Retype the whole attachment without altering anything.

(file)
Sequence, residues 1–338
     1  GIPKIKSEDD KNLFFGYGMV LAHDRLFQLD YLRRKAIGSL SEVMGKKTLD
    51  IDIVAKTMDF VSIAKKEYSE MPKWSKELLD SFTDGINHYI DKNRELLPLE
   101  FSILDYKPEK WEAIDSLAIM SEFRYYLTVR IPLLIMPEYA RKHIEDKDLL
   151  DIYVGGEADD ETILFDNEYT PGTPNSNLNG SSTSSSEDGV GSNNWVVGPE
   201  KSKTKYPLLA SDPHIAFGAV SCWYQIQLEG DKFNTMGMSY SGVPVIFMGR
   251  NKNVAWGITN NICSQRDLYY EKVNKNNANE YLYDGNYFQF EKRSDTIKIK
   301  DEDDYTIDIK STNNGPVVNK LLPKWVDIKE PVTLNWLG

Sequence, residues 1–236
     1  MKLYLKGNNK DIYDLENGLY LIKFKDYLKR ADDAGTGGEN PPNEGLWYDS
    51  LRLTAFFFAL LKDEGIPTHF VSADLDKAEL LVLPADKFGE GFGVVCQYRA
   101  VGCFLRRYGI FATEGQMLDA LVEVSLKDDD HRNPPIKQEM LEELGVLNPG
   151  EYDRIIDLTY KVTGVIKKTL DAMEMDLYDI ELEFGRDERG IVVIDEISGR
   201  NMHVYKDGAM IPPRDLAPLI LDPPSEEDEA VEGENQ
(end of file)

Sequence, residues 1–338
     1  GIPKIKSEDD KNLFFGYGMV LAHDRLFQLD YLRRKAIGSL SEVMGKKTLD
    51  IDIVAKTMDF VSIAKKEYSE MPKWSKELLD SFTDGINHYI DKNRELLPLE
   101  FSILDYKPEK WEAIDSLAIM SEFRYYLTVR IPLLIMPEYA RKHIEDKDLL
   151  DIYVGGEADD ETILFDNEYT PGTPNSNLNG SSTSSSEDGV GSNNWVVGPE
   201  KSKTKYPLLA SDPHIAFGAV SCWYQIQLEG DKFNTMGMSY SGVPVIFMGR
   251  NKNVAWGITN NICSQRDLYY EKVNKNNANE YLYDGNYFQF EKRSDTIKIK
   301  DEDDYTIDIK STNNGPVVNK LLPKWVDIKE PVTLNWLG

Sequence, residues 1–236
     1  MKLYLKGNNK DIYDLENGLY LIKFKDYLKR ADDAGTGGEN PPNEGLWYDS
    51  LRLTAFFFAL LKDEGIPTHF VSADLDKAEL LVLPADKFGE GFGVVCQYRA
   101  VGCFLRRYGI FATEGQMLDA LVEVSLKDDD HRNPPIKQEM LEELGVLNPG
   151  EYDRIIDLTY KVTGVIKKTL DAMEMDLYDI ELEFGRDERG IVVIDEISGR
   201  NMHVYKDGAM IPPRDLAPLI LDPPSEEDEA VEGENQ